A common question from clayers and crafters is what to do about polymer clay that's become too hard. Can clay become too firm to the point where it's unusable? The answer is yes and no. Fortunately, there are several methods you can use to soften polymer clay that has become too hard. 

Sometimes, you can store polymer clay for years and it's still supple when you pull it out. If stored properly, polymer clay will last a reasonably long time. Because of the nuanced nature of clay and the variety of factors that can cause it to stiffen, we've put together some tips and tricks on how to soften hard polymer clay.

Three Ways to Soften Hard Polymer Clay 

Maybe you've opened a box of old polymer clay and find that it's stiff as a rock. Or, perhaps your clay is just slightly hard and crumbly. Can you soften hard polymer clay? The answer is yes! There are many strategies you can use depending on how hard the clay has become. Here's a few tips:

1. Give It a Squeeze

To determine just how hard your polymer clay is, try the squish test. Pick up your clay and give it a hard squeeze. With workable clay, even if it's a bit cold, you should at least be able to round off the corners and edges with minimal effort. If you cannot round off the corners, or the block of clay isn't squeezable in the slightest, then it's too hard and needs to be softened. 

2. Use a Mallet or Neverknead Tool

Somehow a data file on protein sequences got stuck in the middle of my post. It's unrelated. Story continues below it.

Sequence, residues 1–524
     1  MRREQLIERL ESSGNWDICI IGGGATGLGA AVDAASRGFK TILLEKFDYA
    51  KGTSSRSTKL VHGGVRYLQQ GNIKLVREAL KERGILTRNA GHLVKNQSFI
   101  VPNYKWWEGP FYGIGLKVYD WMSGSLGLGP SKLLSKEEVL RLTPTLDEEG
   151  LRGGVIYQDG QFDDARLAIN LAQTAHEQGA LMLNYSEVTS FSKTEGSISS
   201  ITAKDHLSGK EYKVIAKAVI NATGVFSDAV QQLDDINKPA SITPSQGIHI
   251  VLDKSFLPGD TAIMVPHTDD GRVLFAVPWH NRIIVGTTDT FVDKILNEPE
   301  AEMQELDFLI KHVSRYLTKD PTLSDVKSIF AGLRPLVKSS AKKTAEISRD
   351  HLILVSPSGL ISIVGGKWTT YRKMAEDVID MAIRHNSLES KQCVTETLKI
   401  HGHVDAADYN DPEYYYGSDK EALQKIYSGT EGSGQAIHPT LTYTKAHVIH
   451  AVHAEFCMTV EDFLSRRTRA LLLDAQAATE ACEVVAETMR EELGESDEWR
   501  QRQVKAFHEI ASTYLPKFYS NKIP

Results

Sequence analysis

This technique works well to soften polymer clay that is just a bit firm. Simply place the clay inside a plastic bag and smash it until it starts to move. A NeverKnead tool is akin to a mallet and has been designed explicitly for conditioning clay.

3. Mix It with Softer Clay

If you still feel your clay is too stiff, mix it with a section of clay that's softer or fresher. 

How to Soften Old Polymer Clay

Polymer clay that is too old can adopt a rock-like consistency that makes it impossible to work with — at first. Warm up the clay by smashing it with a mallet or NeverKnead tool like you would with clay that's too firm. Next, try crumbling the clay into a food processor and adding different plasticizers little by little.

Try each of these plasticizers one at a time until you get one to work:

If you find that your polymer clay is not absorbing any of the plasticizers, it may be partially cured. This can happen if the clay is exposed to temperatures that are too high for extended periods of time.

Make Sculpey® Your One-Stop Shop for Polymer Clay

We offer the highest quality polymer clay on the market. If stored properly, Sculpey® clay will last and remain workable for all your future crafts. Order polymer clay online today!